Three independent MPs who may hold the balance of power following Saturday's inconclusive election in Australia say they will negotiate as a bloc.
With some votes still to be counted, both the ruling Labor party and the opposition conservative coalition appear to have fallen short of the 76 seats needed for a majority.
Both are now lobbying for support from the independents.
Trading was down as financial markets opened, amid the political limbo.
The Australian dollar and government bonds both fell in value. The Australian dollar lost almost 1% against the US dollar in early trading, before recovering somewhat.
Australia has not elected a hung parliament since 1940.
But the latest figures from Australian public broadcaster ABC give Labor 72 seats and the coalition 69 seats. The Greens secured one seat and independents won three. Five seats have not yet been called.
'Shoulder to shoulder'
On Monday, both Prime Minister Julia Gillard and opposition leader Tony Abbott flew into Canberra to start working to try to secure a majority. Both have opened talks with the independents.
"It's my intention to negotiate in good faith an effective agreement to form government," Ms Gillard told journalists on Sunday.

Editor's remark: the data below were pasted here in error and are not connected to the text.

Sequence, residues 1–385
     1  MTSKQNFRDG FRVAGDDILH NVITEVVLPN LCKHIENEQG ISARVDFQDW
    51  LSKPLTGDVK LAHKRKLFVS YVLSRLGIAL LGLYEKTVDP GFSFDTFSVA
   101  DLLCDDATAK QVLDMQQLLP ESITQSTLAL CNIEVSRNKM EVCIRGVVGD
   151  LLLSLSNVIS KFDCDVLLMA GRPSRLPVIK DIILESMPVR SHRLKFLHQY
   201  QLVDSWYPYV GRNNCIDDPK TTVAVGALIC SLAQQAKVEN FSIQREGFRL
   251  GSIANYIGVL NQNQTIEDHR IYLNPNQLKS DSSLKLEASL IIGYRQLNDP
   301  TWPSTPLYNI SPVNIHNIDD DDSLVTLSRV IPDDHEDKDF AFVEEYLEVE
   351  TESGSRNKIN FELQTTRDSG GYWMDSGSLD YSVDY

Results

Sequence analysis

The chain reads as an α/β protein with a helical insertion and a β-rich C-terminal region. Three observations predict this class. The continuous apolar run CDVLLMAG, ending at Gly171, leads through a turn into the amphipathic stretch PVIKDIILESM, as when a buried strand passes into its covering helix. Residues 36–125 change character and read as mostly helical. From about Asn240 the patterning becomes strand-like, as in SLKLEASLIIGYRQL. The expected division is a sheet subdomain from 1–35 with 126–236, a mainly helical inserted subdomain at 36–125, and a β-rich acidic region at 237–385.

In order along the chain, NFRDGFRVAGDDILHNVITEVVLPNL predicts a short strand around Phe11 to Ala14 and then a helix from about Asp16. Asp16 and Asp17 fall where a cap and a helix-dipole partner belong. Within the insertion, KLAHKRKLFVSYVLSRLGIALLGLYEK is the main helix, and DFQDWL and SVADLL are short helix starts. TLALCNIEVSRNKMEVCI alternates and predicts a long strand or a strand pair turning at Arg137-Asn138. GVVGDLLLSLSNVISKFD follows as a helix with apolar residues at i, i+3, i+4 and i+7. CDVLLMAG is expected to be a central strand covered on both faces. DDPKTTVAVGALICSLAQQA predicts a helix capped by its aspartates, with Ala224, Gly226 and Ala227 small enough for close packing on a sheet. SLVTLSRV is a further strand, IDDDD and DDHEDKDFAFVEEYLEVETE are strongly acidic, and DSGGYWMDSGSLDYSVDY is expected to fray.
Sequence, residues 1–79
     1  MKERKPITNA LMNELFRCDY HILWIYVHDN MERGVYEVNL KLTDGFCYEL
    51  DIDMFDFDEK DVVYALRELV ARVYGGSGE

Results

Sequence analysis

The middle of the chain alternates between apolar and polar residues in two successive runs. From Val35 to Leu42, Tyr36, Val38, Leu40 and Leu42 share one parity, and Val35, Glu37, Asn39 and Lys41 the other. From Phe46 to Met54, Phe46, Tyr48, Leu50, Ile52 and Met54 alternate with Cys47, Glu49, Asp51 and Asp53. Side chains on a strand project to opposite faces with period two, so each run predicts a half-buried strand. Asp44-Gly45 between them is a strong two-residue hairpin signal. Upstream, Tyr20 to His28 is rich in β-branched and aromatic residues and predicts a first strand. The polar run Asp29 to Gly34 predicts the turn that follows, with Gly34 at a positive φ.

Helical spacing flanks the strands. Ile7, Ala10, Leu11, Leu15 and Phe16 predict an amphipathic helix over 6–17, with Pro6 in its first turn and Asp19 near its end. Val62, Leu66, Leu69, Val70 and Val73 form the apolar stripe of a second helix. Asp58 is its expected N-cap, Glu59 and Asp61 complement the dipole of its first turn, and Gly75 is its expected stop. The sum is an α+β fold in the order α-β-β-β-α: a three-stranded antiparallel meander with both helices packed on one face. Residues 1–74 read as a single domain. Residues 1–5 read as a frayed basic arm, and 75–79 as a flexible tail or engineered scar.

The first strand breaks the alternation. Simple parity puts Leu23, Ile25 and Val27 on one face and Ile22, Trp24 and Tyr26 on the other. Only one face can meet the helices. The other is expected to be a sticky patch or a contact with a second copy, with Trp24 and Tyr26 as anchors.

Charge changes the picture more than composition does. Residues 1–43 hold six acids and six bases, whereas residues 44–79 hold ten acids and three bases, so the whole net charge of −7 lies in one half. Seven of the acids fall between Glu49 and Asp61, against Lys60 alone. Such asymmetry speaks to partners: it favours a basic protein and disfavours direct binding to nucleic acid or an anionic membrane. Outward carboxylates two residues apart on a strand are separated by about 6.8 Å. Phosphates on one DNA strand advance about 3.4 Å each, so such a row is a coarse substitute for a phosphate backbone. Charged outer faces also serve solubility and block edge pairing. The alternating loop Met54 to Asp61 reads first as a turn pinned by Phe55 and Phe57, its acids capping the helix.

Attention is focusing on three independent MPs - Bob Katter, Tony Windsor and Rob Oakeshott - who represent rural and regional constituencies.
Mr Oakeshott said the trio would stand "shoulder to shoulder" during the negotiating process, so they did not "get picked off by political interests and vested interests".
Another independent, Andrew Wilkie, looks on course to win the Tasmanian seat of Denison, while Adam Bandt secured one seat for the Greens.
Mr Abbott claimed the current government had lost its legitimacy.
"It's almost inconceivable that any Labor government emerging from this election could deliver competent and stable government," he said.
The election came two months after Ms Gillard ousted Kevin Rudd in a controversial leadership challenge.
Correspondents say Mr Abbott has tried to exploit the Labor party's divisions after the departure of Mr Rudd, trying to portray the opposition coalition as a stable answer to a government beset by in-fighting.
In his campaign he has pledged to tighten immigration and has hit out at government spending. He has also toned down his well-known climate change scepticism.
Ms Gillard, a former lawyer who called a snap election shortly after coming to office, was hoping to be rewarded for the government's handling of the economy, which weathered the global recession remarkably well.
But support for Australia's first female prime minister has fallen in the two months she has been in office.